Paracetamol is a hard overdose to understand. There I said it. I’m no longer going to feel bad when I have to sit down and work this one out.
Amisulpride is an atypical antipsychotic in low doses will causes and anticholinergic effect but at higher doses prolongs the QT interval with cases of torsades de pointes noted.
Normally used to ameliorate dyskinesia from antipsychotics but has been used for recreational purposes. Benztropine is a potent anticholingeric in overdose. You may also use it yourself as an antidote for an acute dystonic reaction.
Lithium is commonly used to treat bipolar, for your toxicology encounter it will come in two varieties, either an acute overdose or chronic toxicity and it is important to distinguish the two (examiners love this question).
Clozapine is an atypical antipsychotic, due to its restricted use an acute overdose is a rare event but clinicians should be aware that coma can occur and management is with supportive care. In chronic toxicity agranulocytosis and myocarditis can occur, these are not features of an acute poisoning but monitored in patients with long term therapeutic use.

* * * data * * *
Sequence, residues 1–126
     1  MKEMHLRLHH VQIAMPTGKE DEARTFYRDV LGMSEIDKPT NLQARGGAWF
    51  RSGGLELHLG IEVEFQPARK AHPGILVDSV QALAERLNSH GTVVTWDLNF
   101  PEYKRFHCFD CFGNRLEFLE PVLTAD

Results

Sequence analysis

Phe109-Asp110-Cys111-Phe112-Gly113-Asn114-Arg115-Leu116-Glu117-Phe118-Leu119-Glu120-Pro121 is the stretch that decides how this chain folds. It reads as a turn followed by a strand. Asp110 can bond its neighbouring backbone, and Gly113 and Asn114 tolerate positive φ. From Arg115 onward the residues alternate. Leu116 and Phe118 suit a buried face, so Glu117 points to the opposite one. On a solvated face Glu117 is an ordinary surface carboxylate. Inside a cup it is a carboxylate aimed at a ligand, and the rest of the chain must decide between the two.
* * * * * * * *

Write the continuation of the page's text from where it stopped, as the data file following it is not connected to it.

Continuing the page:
Olanzapine is a second generation atypical antipsychotic. Widely used in Australasia and therefore a fairly common presentation to the emergency department. Olanzapine like queitiapine has a predictable dose-dependent CNS depression.
Quetiapine is a second generation atypical antipsychotic. Widely used in Australasia and therefore a fairly common presentation to the emergency department. Quetiapine is associated with a predictable dose-dependent CNS depression.
Phenothiazines and butyrophenones are the antipsychotic (neuroleptic) agents. Commonly used agents are chlorpromazine, prochlorperazine, droperidol and haloperidol. Other unfamiliar agents include fluphenazine, Pericyazine, Pipothiazine and Trifluoperazine